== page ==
People design algorithms: which data to use and how to integrate it. But data is not automatically objective. Anyone that worked with data knows that data is messy, often incomplete, sometimes fake, and full of complex human meanings. From this perspective, we have 2 possible outcomes: data accidentally wrong or data on purpose wrong. Ex: On accidentally algorithms based on data like women are paid less than men, will consider this a norm and they will amplify bias. Algorithms shouldn’t be seen as simply types of tools. We all should know how what is good’ is decided upon. We each have a responsibility to avoid this nonsense. Take, another example, a ProPublica report that found an algorithm being used in American criminal sentencing to predict the accused’s likelihood of committing a future crime was biased against black people. Algorithms will always reflect the design choices of the humans who built them and the data collected, so it’s irresponsible to assume otherwise. Who collected data and what criteria did they use?
People make mistakes - Algorithms make mistakes.
PEOPLE ARE BIASED - Algorithms are biased.
People are not neutral - Algorithms are not neutral.
From a security perspective, a number of these developments are worth nothing. But the ability to recognize a target’s face and navigate through space can be applied in autonomous weapon systems. Similarly, the ability to generate synthetic images, text, and audio could be used to impersonate others online or to sway public opinion by distributing content through social media channels. There is a growing consensus that these AI systems will perpetuate and amplify hate, and that computational methods are not inherently neutral and objective. More or less after we made a quantum computer that is reliable and working at full speed. In a conventional (“classical”) computer, one bit of binary data can have one of just two values: one or zero. But in a quantum computer, these switches, called quantum bits or qubits (pronounced “cue-bits”), have more options, because they are governed by the laws of quantum theory. As a result, quantum computers can represent many more possible states of binary ones and zeros. By the time you get to 300 qubits — as opposed to the billions of classical bits in the dense ranks of transistors in your laptop’s microprocessors — you have 2³⁰⁰ options. That’s more than the number of atoms in the known universe. This power if it’s released in the wrong hands, poses such a significant threat to cyber-security that we are going to have to completely rethink the way we secure commercial transactions, or digital footprints. Imagine being able to know every fact about every market on the planet in minutes.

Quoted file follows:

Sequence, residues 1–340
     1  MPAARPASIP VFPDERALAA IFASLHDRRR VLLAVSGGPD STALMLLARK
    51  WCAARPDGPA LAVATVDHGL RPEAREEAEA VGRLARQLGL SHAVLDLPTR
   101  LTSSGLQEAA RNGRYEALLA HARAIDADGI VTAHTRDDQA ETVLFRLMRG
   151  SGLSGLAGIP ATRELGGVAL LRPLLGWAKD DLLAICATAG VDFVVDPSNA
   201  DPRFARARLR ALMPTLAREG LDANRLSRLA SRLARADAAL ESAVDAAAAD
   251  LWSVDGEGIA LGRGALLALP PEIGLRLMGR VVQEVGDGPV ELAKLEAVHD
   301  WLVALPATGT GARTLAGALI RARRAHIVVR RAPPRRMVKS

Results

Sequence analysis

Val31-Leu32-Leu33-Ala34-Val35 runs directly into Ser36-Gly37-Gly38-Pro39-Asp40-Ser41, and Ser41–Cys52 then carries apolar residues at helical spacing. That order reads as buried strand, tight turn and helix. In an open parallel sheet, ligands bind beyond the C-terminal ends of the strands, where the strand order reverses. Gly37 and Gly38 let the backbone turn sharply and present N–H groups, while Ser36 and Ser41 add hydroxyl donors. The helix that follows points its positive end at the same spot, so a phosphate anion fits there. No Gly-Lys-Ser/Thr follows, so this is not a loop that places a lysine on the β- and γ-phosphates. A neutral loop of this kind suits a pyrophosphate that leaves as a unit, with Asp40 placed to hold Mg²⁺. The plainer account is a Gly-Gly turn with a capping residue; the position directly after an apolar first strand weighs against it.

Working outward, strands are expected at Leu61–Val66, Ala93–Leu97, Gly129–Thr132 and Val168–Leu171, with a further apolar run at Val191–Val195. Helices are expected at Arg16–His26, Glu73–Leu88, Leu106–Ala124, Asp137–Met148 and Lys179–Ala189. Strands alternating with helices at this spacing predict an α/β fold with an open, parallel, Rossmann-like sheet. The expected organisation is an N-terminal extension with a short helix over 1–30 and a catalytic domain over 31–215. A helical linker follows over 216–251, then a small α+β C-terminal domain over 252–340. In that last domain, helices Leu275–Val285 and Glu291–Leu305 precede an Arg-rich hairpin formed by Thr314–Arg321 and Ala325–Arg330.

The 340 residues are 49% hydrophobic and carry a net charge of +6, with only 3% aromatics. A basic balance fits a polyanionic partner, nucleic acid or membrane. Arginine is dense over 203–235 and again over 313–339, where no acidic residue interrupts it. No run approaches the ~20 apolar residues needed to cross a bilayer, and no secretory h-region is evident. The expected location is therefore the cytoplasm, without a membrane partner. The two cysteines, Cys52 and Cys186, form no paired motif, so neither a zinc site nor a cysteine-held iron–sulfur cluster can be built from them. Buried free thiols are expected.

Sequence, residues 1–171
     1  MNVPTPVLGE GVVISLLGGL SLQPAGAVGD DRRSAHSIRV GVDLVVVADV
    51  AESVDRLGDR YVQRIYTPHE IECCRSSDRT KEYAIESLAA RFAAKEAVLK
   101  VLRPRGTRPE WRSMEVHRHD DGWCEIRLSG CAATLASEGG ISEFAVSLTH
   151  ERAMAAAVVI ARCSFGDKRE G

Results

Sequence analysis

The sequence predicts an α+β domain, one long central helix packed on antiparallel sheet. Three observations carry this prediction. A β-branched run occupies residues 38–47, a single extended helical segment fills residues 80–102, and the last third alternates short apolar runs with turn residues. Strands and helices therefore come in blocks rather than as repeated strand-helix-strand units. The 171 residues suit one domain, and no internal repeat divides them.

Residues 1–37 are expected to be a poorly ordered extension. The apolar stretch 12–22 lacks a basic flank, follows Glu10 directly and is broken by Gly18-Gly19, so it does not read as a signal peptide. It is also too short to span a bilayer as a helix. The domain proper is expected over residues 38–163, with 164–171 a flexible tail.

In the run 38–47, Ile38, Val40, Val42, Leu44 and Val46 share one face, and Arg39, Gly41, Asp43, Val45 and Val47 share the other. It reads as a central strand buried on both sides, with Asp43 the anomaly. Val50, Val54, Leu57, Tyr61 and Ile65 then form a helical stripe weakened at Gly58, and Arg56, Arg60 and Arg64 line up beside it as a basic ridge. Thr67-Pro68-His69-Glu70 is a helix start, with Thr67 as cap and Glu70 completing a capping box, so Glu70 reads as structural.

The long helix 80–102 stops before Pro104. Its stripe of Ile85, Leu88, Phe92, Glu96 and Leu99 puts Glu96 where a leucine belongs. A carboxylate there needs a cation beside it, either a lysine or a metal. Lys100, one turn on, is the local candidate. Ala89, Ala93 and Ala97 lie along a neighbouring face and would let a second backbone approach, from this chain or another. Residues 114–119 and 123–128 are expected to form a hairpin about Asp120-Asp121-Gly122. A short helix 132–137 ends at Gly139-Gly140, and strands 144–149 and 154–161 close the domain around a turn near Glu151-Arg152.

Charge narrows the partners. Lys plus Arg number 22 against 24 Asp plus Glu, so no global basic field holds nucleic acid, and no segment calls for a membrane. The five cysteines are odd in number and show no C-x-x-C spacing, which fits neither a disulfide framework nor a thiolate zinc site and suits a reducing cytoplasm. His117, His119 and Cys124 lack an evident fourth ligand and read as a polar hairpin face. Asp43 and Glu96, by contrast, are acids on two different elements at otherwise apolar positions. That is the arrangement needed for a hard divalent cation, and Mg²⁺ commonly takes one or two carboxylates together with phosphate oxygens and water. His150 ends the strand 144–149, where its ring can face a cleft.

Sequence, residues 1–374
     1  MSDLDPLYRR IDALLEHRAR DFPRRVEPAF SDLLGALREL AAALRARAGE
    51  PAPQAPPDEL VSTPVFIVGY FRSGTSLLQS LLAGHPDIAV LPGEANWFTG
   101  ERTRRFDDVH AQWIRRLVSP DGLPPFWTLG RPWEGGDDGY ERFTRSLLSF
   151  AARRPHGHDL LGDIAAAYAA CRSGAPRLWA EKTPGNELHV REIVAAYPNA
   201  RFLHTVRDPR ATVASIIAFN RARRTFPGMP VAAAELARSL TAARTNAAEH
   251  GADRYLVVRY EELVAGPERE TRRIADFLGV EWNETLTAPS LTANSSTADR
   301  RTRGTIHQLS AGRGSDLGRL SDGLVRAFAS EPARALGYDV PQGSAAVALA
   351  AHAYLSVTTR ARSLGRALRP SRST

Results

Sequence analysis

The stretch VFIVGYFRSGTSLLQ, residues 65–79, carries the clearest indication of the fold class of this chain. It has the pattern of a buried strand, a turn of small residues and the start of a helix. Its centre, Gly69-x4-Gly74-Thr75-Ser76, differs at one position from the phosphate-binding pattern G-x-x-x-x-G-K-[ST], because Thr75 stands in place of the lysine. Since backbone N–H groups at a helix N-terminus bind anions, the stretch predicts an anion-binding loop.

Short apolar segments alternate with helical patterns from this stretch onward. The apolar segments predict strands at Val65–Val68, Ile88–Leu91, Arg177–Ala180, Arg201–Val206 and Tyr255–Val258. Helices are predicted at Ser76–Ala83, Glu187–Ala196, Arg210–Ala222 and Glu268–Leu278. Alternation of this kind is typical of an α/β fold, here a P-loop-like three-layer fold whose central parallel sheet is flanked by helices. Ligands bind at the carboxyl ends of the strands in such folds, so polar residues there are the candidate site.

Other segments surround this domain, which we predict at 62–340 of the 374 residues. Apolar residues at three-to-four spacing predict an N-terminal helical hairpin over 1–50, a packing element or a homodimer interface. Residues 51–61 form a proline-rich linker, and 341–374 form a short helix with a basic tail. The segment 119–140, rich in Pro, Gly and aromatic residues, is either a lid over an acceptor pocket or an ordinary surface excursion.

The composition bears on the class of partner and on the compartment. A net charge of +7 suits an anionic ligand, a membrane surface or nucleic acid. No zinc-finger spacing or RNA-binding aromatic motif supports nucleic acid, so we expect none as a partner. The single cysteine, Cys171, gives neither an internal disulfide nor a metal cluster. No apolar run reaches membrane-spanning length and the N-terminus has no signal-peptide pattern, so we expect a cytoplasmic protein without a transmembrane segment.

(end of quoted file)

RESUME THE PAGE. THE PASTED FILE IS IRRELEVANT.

So, the issue of where responsibility and transparency lie has to be the main concern for all of us. Not regulating all-pervasive and often decisive technologies by law would effectively amount to the end of democracy. Say what?!! AI that makes decisions that affect individuals should give intelligible reasons; when a machine engages a human in political discourse, the machine should be required by law to disclose that it is a machine. Some of these problems may not be as serious as they first appear but it’s better to be premature and lay the groundwork for policies involving AI. The A.G.I. race is going on right now. Achieving A.G.I. is job number one for Google, IBM, and many smaller companies as well as DARPA, the NSA, and governments and big companies. Profit is the main motivation for this race. Imagine one likely goal: a virtual human brain at the price of a computer. Imagine banks of thousands of AGI quality brains working for your company. Wouldn’t you want to have that technology? But good regulation would improve our perception of safety, and also our perception that humans will remain in control. And at the end of the day, AI will still have to resolve the idea from Ancient Greece “who will guard the guardians?”